Home Magazines Editors-in-Chief FAQs Contact Us

Assessment of types of phorias in myopic patients before and after refractive correction


Advances in Ophthalmology & Visual System
Javeria Maqbool, Abeera Amir, Aysha Iftikhar, Saad Saleem khan, Muhhammad Sami Husain, Asma Batool

Abstract

Purpose: To assess the types of phorias in different degrees of myopic patients and different age groups before and after refractive correction.

Study design: Descriptive cross-sectional study. Material and methods: This was a comparative cross-sectional study that included 100 patients. Types of phorias in myopic patients were assessed before and after refractive correction. Patients involved are 15-35 years of age groups. Data was collected from the University of Lahore Teaching Hospital.

Results: A total of 100 subjects were participated out of which 52% were males and 48% were females. 38% were 15-20 years, 42% were 21-25 years, 9% were 26-30 years, and 11% of participants were31-35 years of age. Visual acuity before the correction of refractive error was also recorded 42% of participants were observed with 6/6-6/12 visual acuity, 6/18-6/36 visual acuity was reported in 42% subjects and 16% subjects had <6/60 visual acuity. After the correction of myopic error 87% subjects had 6/6-6/12 and 13% subjects had 6/18-6/36 best corrected visual acuity. Degree of myopia was recorded mild in 42% participants, moderate in 42% subjects and severe in 16% subjects. Before the correction of myopia 21% participants were observed with esophoria, 54% had exophoria and 25% subjects were orthophoric. After refractive correction 13% participants were esophoric, 28% were exophoric and 59% were orthophoric while measuring horizontal phoria at distance. In vertical phoria before correction 14% participants were hyperphoria, 1% were hypophoria and 85% were orthophoric. After best correction 5% participants were recorded as hyperphoria, 1% were hypophoria and 94% were orthophoric.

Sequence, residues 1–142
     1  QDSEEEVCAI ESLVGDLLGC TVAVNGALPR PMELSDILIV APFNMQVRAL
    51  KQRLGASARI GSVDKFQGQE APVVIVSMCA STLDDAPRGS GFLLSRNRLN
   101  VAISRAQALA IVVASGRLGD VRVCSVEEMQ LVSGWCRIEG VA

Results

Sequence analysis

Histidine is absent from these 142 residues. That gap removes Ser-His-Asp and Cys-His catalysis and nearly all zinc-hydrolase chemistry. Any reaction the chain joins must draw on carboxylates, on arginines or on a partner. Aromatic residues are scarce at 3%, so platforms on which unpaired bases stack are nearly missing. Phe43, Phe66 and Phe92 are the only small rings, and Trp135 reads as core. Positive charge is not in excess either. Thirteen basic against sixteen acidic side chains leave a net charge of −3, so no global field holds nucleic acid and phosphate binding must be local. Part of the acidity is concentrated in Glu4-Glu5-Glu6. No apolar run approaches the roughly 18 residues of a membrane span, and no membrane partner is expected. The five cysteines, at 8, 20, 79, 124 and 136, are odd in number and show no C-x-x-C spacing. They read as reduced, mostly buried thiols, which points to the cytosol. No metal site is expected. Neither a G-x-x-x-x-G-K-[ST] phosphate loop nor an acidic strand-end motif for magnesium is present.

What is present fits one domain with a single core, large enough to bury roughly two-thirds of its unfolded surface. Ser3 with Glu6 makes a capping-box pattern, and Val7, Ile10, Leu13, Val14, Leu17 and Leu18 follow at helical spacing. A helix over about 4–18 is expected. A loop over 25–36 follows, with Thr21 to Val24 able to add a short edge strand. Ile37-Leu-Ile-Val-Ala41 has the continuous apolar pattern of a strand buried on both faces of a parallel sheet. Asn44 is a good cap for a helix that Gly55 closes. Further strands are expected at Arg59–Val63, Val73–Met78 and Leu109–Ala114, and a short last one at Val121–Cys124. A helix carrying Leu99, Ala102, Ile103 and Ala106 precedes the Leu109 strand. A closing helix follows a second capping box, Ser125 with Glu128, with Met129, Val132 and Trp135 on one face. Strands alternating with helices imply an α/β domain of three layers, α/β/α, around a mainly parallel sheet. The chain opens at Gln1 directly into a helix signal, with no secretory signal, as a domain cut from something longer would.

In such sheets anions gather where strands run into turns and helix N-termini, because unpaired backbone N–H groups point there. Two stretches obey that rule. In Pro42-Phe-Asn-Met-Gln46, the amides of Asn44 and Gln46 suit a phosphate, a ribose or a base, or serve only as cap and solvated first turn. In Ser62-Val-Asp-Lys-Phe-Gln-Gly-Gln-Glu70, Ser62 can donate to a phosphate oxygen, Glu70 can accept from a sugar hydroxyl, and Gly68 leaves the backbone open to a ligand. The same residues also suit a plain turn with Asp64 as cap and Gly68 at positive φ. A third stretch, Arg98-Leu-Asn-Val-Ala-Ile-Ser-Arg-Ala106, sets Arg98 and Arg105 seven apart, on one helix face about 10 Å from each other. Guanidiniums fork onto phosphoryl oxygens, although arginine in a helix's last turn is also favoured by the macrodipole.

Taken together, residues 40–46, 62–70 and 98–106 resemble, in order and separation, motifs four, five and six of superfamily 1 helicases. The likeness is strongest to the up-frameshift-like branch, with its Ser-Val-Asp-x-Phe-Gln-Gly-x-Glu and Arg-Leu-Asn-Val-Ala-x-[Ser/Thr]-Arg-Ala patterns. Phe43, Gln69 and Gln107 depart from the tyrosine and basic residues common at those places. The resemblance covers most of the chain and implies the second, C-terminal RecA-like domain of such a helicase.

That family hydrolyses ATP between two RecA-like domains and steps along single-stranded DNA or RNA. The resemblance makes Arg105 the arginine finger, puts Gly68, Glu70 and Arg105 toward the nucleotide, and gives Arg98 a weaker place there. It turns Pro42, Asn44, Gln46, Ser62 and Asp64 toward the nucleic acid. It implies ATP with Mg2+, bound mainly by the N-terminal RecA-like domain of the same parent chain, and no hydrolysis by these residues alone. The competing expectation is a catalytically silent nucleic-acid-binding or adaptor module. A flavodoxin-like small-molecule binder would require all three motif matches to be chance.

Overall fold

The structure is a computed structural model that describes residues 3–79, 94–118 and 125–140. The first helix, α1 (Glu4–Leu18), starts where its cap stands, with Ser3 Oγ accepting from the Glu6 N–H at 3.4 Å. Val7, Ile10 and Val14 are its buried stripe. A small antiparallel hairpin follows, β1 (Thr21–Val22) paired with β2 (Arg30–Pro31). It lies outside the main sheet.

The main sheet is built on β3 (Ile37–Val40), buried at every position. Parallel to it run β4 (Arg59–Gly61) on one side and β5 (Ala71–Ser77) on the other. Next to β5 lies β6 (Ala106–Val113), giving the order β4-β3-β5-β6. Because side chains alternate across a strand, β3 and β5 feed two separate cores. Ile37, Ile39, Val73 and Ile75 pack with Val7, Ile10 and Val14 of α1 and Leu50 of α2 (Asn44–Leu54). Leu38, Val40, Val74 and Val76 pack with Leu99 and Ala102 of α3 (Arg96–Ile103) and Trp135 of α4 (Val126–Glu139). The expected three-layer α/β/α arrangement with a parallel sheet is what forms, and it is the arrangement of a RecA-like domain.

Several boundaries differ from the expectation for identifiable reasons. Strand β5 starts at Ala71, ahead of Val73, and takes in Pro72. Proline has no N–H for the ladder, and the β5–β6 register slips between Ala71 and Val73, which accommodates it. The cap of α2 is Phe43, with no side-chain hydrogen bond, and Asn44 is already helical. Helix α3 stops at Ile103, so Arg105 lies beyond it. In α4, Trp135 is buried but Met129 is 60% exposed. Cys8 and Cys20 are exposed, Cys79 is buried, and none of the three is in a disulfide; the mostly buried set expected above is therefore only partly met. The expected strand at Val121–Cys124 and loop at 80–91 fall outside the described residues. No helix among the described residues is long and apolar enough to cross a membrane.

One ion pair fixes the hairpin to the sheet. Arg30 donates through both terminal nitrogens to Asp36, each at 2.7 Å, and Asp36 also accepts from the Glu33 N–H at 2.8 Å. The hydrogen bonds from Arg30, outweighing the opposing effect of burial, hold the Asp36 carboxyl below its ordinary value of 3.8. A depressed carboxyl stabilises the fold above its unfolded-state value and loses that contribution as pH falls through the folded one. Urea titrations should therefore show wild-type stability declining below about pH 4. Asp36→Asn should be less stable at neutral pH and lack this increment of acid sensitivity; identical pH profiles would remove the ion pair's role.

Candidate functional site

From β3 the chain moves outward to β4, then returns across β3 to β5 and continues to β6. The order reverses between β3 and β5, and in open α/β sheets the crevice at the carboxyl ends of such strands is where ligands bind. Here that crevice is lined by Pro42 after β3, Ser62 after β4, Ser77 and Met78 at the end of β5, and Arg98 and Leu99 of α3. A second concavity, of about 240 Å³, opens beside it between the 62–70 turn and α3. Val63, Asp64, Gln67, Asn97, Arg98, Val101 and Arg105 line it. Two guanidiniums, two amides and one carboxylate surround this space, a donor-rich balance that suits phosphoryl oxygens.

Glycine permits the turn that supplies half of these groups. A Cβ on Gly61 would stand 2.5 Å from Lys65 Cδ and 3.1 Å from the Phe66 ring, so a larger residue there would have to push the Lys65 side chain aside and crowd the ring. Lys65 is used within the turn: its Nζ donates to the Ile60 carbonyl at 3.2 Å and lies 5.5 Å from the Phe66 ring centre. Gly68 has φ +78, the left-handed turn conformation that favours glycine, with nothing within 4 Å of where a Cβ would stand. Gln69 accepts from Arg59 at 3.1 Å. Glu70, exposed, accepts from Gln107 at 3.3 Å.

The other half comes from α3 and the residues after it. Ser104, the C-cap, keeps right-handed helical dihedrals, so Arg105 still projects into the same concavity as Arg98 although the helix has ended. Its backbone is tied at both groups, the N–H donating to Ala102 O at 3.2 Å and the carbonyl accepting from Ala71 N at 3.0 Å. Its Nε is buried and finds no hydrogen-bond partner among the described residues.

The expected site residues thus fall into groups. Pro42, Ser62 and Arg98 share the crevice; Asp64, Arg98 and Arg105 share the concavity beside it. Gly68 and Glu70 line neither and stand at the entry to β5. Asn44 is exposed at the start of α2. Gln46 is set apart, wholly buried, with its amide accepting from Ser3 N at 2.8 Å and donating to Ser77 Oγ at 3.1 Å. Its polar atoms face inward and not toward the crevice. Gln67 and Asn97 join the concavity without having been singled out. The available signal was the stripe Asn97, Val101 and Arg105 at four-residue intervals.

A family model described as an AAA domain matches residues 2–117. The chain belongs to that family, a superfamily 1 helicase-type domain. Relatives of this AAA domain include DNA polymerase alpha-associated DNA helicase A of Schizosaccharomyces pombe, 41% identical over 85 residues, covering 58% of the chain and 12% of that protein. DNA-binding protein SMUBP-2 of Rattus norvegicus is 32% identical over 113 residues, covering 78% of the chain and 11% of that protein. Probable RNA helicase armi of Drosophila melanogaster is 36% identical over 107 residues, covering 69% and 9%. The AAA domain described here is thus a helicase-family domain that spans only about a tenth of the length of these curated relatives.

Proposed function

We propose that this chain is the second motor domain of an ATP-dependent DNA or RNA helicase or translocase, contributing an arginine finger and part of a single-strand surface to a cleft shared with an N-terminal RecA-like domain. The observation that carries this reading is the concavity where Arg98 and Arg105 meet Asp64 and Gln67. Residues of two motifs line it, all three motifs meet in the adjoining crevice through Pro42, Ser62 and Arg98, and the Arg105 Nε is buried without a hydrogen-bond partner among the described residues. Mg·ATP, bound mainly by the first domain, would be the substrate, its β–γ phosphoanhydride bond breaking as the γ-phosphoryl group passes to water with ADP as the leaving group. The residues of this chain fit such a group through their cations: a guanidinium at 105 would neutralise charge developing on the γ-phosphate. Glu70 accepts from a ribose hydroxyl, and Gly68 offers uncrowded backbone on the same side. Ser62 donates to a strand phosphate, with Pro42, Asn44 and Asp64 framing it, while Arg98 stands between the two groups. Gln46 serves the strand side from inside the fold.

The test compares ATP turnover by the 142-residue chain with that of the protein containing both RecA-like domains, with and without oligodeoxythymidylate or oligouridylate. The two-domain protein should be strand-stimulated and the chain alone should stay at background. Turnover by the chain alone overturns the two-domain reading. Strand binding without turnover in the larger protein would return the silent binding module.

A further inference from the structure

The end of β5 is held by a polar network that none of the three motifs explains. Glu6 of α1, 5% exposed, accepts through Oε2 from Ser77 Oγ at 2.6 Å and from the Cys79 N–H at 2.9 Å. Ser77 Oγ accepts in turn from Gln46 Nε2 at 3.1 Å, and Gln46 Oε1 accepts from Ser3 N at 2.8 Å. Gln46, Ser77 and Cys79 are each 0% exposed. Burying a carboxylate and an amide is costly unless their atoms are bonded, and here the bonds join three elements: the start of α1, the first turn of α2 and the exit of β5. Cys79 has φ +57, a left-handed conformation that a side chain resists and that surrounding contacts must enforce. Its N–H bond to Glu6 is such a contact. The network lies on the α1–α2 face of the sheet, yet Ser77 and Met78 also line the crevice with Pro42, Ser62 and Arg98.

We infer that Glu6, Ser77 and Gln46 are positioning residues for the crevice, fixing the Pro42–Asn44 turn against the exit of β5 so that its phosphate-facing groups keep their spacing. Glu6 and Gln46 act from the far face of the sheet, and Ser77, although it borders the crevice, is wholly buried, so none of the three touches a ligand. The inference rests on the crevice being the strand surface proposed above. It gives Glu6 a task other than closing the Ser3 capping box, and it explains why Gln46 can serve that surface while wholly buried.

Conclusion: Horizontal and vertical phorias were evaluated at distance with Maddox rod. It is concluded that after correction the frequency of horizontal phorias is high than vertical phorias. In horizontal phorias exophoric pattern has significant frequency. Exophoria can also result due to weak fusional reserves. Fusional convergence eliminates the disparity of retinal images and maintain exophoria in myopic patients. So, convergence weakness and excess of divergence leads to exophoria in myopic patients. Mostly exophoric participants are reported from age range of 15 to 20 years. After refraction if patient still have asthenopia symptoms proper evaluation and management should be made for latent squint. By treating and managing the latent squint the chances of phorias to convert in manifest squint will be minimize. 

Keywords

heterophoria, myopia, esophoria, exophoria, hyperphoria, hypophoria, maddox rod

Testimonials